The Ground beneath Your Feet

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If it’s the perfect season for an off-land adventure, this array of on-land options is no less dizzying. Take your pick


The largest salt marsh in the world is a geographical wonder, turning marshy during the monsoon and then back to original white for the winter. A visit can be tricky because there are no hotels or civil amenities near places of interest. Hire a local guide to take you around by taxi. Travel to Ekal ka Rann, 80 km from Bhuj, to get a glimpse of the white desert. You could spend the night at a temple complex. Wake up early in the morning to watch a stupendous sunrise over an unforgettable horizon. In the winter, it is a rare place that you can actually spot pink flamingoes—though it may take a bit of a wait. Make your way back to spend a night at Chobari Village, interact with the locals, and acquaint yourself with the work of local artisans before you get back to your usual city life.


In the middle of the Eastern Ghats of Andhra Pradesh, Araku Valley is a biodiversity hotspot. The valley, which is inhabited by various tribes, is famous for its lush gardens, waterfalls and streams. It is a splendid family destination. If you love flaura and fauna, you will enjoy a visit to mulberry silk farms and the botanical gardens. Trek up the hills to see the ancient limestone Borra Caves. A variety of scenic spots offers ample space for family activities to make this a relaxed holiday. While there is a tribal museum in the area, you may prefer to spend time in the company of local Tribals on your own. As many as 19 tribes live in the region, and their dhimsa dance is popular with tourists. Their silverwork too.


Known for coffee plantations, this dreamy place is not a town but a district known as Kodagu. Full of teak forests, lush green valleys and majestic mountains, Coorg makes for an idyllic vacation spot. You could go trekking, angling or golfing. The big attractions of the area are the Abbey Falls and Honamaney Kere, a temple dedicated to Hanuman, but the charm of Coorg lies in its natural beauty, the thin mist that envelops the place, the rosewood and bamboo trees that tower over you while little waterfalls and brooks gush by. You have your senses suffused by fragrant lemon grass, coffee, cardamom, nutmeg and orange. Trek through acres and acres of organic farms, visit the Talacuvery-Brahmagiri peak, go from Kakkabe to Malma and Thadiyendanmol to catch some surreal sights. Or just sit back in a luxury resort and unwind.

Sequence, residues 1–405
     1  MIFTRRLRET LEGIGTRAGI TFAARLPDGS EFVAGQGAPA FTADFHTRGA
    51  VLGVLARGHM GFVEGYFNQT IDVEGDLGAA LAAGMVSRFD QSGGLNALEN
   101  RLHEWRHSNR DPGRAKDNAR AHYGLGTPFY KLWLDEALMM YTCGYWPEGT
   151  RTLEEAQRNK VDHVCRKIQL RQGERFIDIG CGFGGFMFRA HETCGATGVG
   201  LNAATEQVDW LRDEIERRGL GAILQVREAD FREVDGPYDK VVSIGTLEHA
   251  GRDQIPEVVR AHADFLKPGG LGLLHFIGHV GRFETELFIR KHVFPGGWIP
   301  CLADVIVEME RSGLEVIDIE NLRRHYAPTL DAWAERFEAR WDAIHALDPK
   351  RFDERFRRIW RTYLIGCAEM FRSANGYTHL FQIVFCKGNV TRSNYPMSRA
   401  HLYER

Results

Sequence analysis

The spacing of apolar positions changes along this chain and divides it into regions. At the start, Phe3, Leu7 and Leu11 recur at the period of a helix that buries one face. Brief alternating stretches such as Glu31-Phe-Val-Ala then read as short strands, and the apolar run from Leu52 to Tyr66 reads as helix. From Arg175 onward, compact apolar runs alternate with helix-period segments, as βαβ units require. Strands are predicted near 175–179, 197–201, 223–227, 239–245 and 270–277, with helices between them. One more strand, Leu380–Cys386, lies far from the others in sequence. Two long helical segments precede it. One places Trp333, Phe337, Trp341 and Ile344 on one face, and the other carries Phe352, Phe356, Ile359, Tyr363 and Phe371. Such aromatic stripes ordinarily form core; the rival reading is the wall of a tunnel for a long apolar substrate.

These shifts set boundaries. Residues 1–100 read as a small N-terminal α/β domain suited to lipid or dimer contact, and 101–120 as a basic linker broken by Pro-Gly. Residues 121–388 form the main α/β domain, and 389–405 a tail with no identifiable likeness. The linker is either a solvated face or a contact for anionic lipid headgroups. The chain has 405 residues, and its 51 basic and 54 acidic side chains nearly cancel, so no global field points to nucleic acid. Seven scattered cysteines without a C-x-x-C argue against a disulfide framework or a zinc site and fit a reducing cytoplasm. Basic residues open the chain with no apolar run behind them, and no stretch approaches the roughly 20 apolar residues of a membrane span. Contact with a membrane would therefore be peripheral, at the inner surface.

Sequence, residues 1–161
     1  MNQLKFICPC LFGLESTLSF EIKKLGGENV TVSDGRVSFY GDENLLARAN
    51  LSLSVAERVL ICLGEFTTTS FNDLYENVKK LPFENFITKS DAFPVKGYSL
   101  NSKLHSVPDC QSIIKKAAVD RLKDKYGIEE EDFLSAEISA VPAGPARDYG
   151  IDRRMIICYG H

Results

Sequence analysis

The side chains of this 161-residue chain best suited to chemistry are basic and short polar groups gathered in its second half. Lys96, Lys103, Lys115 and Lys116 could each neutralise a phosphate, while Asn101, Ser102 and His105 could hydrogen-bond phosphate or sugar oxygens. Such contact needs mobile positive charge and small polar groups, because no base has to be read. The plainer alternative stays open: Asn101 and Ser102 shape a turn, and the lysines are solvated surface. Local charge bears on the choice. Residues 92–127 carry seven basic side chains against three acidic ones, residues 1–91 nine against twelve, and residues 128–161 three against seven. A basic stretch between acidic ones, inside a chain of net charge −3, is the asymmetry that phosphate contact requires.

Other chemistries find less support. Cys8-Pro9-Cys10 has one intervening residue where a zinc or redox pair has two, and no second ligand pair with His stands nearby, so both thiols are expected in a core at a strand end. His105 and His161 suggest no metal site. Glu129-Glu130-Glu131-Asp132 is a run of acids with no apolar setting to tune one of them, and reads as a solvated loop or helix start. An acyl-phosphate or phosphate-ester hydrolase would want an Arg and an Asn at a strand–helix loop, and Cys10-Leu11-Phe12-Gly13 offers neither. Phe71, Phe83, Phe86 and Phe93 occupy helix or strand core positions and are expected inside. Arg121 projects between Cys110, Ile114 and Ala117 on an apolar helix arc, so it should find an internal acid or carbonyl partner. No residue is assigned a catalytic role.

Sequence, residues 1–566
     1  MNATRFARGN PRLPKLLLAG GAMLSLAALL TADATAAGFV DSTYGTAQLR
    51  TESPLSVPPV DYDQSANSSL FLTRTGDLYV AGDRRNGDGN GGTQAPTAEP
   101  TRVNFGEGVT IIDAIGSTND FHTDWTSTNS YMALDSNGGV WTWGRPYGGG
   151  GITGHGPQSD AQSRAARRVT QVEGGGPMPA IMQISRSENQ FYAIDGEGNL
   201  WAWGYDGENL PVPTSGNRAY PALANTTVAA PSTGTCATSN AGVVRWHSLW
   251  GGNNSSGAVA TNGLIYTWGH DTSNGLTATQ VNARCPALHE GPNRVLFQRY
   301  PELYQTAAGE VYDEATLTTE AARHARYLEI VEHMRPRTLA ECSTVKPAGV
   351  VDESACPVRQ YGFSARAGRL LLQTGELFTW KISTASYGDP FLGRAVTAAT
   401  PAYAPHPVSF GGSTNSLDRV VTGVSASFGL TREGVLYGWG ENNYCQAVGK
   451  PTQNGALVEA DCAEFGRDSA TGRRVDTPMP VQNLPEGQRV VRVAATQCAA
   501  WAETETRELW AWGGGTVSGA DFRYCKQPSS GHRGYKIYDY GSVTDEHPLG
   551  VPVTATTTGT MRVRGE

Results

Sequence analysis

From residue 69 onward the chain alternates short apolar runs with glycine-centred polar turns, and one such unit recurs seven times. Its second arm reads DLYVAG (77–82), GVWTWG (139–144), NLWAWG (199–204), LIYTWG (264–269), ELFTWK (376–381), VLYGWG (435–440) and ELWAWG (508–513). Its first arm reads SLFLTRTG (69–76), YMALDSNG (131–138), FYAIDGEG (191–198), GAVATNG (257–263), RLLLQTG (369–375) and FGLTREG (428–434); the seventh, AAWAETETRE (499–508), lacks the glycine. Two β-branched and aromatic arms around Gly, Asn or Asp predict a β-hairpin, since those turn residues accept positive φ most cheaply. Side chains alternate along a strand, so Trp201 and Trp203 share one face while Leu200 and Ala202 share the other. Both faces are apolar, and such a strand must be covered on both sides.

Once upon a time, it was a French colony. If you travel through the old town, you will be struck by its Rues and Boulevards that are lined with bakeries, and it is for this alone that you should visit this charming place. Stay in the old town and take the heritage walk or rent a bike if you will. Start the walk at the north end of Goubert Avenue, the seafront promenade, and head south past the French consulate and Gandhi statue. Turn right at the town hall on Rue Mahe Labourdonnais and stroll through Dumas, Romain Rolland and Suffren streets. Check out the Puducherry Museum for French era furniture juxtaposed with Pallava and Chola sculptures, old coins, French artefacts and pottery excavated from Arikamedu, an ancient seaport a few kilometres south of Pondicherry that saw trade ships set sail for the Roman Empire back in the 1st century BC. Go on a catamaran fishing trip, spend your evenings at Rocky Beach or just cycle along the sandy beaches that dot the coastline. Take part in the cultural activities hosted by Auroville, the Aurobindo Ashram. Although Puducherry is losing its French feel, it retains every reason for you to drop by.


‘The Golden City’ of Jaisalmer is an exotic desert fortress. Located on the outer reaches of the Thar Desert, it offers a 12th century fort experience like none other, with its inner bazaars, havelis and hotels throbbing with life that seems straight out of olden times. Local arts and crafts are a hot draw for tourists, and it’s advisable to haggle until you get your bargain. Jaisalmer also has its Desert National Park that offers sightings of blackbucks, desert foxes and chinkaras amid the landscape’s rolling dunes and crags. Hire an autorickshaw or car to get around, and spend an evening watching the sun go down into the desert at Sunset Point. Sit by the lake and take in the sheer magnificence of the place. A camel safari is a must-do—and you could go on an overnight one as well, with a desert camp to stay in.


This one is strictly for nature lovers. The park, which opens to tourists mid-winter, covers 490 sq km of land and has a buffer zone of 190 sq km as part of a reserve forest. Close to the Indo-Nepal border, it is one of the few remaining examples of a highly productive Terai ecosystem. Home to some of India’s most endangered species, it has grasslands, marshes and rosewood forests. Rhino and tiger sightings are frequent, and the park is also home to leopards, alligators, fresh water dolphins and over 350 species of birds, apart from a variety of deer—including the extremely rare barking deer. Around half the world’s swamp deer are found in this region and are easily spotted. Take an elephant safari and check into a guest house in the middle of a forest. Visit Nepal for a day if you like to shop, and see the 19th century Surat Bhawan Palace on your way back. Spend some time visiting villages of the local Tharu tribe for a brush with a lifestyle unchanged for centuries.